Bangladeshi Hindu devotees apply vermillion to each others’ faces during Durga Puja festivities in Dhaka, Bangladesh. The festival commemorates the slaying of a demon king by lion-riding, ten armed goddess Durga, marking the triumph of good over evil. (AP Photo/A.M.Ahad)
HERE ARE THE things you need to know as we round off the day in three easy steps.
THINGS WE LEARNED:
#TEACHERS: Over 1,000 trainee and qualified teachers have attended a demonstration in central Dublin opposed to what they see as unequal pay measures. The ‘Valuing Education’ protest was held to underline the difference in pay scales for teachers, depending simply on when they get their first full-time job.
#CHILDREN’S HOSPITAL: The Taoiseach has denied reports suggesting the government had commissioned a new report to assess possible sites for the National Children’s Hospital. The denials came after RTÉ had reported that former Dublin City Council boss John Fitzgerald had been asked to assess certain sites.
#BAILOUT: The Department of Finance has published the letter in which Brian Lenihan formally asked the Troika for a bailout – and a three-page letter to the ECB in which he explained why he was doing so. Here’s the current situation about which bailout documents have been released and which remain under wraps.
#NAMA: The chief executive of NAMA has said the agency was “angry and disappointed” that an ex-employee had allegedly removed data from the agency without authorisation. Brendan McDonagh said the scandal involving Enda Farrell had “cast a shadow” over NAMA’s work in recent months.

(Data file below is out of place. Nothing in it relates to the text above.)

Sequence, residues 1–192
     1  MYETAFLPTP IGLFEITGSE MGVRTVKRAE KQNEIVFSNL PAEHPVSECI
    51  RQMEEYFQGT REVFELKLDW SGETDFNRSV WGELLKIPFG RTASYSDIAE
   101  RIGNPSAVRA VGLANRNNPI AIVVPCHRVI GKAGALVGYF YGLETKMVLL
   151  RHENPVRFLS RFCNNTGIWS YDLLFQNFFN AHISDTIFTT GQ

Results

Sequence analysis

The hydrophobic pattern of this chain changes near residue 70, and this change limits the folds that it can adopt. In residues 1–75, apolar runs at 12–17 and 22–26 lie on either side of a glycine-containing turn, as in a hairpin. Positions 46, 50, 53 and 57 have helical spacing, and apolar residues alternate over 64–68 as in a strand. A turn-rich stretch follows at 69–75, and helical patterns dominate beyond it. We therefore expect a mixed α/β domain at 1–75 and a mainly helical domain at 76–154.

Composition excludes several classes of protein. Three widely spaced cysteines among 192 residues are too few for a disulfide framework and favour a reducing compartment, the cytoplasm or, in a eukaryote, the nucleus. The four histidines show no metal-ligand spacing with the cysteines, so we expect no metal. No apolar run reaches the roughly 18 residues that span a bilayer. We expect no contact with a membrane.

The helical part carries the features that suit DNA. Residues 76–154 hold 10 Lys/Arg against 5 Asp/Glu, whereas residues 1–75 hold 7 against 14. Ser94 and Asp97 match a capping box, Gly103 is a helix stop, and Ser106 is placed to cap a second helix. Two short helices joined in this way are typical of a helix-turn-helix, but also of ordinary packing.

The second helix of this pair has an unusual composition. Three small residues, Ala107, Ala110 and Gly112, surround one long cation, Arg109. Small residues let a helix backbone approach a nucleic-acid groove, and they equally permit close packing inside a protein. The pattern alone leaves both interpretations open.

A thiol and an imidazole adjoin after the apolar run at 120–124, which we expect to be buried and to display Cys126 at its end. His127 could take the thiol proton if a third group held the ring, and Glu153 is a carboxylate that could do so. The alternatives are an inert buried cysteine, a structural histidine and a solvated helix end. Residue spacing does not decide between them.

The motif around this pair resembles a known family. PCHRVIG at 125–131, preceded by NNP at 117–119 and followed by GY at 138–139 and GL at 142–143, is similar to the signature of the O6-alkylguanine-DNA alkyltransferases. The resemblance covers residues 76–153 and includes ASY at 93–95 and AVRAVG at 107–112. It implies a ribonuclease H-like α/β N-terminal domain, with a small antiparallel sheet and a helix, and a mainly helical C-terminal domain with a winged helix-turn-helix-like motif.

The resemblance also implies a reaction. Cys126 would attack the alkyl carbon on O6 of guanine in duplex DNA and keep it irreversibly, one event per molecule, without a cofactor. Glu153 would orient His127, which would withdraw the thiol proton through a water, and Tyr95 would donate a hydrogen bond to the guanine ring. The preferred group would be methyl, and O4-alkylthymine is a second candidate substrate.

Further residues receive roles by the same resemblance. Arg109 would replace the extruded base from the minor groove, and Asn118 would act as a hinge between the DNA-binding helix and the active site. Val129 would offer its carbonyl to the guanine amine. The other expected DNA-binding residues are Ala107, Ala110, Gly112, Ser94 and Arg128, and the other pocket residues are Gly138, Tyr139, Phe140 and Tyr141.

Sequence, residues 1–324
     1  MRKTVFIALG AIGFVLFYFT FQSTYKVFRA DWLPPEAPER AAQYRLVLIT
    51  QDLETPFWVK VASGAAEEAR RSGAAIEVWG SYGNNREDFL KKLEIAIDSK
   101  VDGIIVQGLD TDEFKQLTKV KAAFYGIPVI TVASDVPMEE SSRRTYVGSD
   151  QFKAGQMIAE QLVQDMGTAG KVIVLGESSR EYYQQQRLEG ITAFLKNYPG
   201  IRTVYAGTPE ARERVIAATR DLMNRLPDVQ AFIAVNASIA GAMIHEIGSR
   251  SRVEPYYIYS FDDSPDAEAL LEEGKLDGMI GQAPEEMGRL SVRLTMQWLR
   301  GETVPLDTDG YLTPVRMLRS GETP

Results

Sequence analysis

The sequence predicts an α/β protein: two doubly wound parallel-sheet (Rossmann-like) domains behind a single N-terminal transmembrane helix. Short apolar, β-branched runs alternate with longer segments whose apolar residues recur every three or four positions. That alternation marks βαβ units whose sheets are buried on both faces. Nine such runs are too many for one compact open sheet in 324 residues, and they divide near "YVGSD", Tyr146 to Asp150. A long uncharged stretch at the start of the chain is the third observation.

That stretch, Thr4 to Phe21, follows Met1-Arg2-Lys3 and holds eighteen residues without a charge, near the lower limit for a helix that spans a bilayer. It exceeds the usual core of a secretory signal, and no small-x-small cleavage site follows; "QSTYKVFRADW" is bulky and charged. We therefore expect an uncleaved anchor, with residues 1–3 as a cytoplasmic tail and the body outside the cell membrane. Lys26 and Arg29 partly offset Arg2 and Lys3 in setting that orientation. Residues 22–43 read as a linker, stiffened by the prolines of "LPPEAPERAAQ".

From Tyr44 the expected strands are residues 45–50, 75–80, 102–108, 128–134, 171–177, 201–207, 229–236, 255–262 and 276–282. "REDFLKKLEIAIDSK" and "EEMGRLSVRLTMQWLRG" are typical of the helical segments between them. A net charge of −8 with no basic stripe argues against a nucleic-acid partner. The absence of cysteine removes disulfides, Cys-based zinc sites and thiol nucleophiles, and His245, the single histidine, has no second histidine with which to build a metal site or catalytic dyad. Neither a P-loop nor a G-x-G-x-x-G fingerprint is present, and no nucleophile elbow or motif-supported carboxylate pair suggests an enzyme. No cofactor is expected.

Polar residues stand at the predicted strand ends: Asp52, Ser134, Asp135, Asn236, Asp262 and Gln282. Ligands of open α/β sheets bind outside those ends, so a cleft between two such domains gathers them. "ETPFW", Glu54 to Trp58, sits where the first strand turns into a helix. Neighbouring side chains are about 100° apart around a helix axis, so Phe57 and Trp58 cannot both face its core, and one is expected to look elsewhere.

#GERMANY ♥ ENDA: They really do. First he’s presiding over a ‘special case’; now the association of German magazine publishers have named him their ‘European of the Year’. In case you feel left out, though, they’ve stressed that the award is meant to recognise the role of Ireland (as a whole) in the European Project. Herzlichen Glückwünsch, everyone!
#SAORVIEW: Well, it’s all over. No more seeing Tommy and PJ on the telly – the analogue TV signals have been turned off for good. Miriam O’Callaghan was given the job of shutting off the analogue signals at 10am this morning – and this is how it all went down. (Here’s what we think should be broadcast on the old airwaves now that they’re not being used any more.)
THINGS WE LOVED:
- If ever a website did exactly what it says on the tin, Cat-Bounce.com is it. Bounce ALL THE CATS.
- Mario Balotelli’s demure earphones. The Italian will be hoping to propel Manchester City to a win away at Ajax in tonight’s big Champions’ League game. TheScore.ie’s got live coverage of all eight clashes.
- Not to be too self-congratulatory, but Adrian Russell’s guide to Irish sport on TV is too good not to plug. Did you miss the digital switchover? Fear not – this page has everything you’ll miss.
A polar bear shakes its head in its enclosure at Berlin Zoo in Germany. A monument to the polar bear Knut was unveiled at the zoo this morning. Polar bear Knut became a global celebrity before his sudden death last year. (AP Photo/Michael Sohn)
THINGS WE SHARED:
- We’re pretty sure that this isn’t Mitt Romney’s actual plan to win the female vote, but it’s pretty funny nonetheless.
- Google’s not content to have Street View on the… well, streets. Previously they’ve sent a tricycle around Croke Park… now they’re sending cameras on backpacks around the Grand Canyon.
- It’s the Secretary General of the United Nations, doing the Gangnam Style dance. No, really. (Also available in gif format!)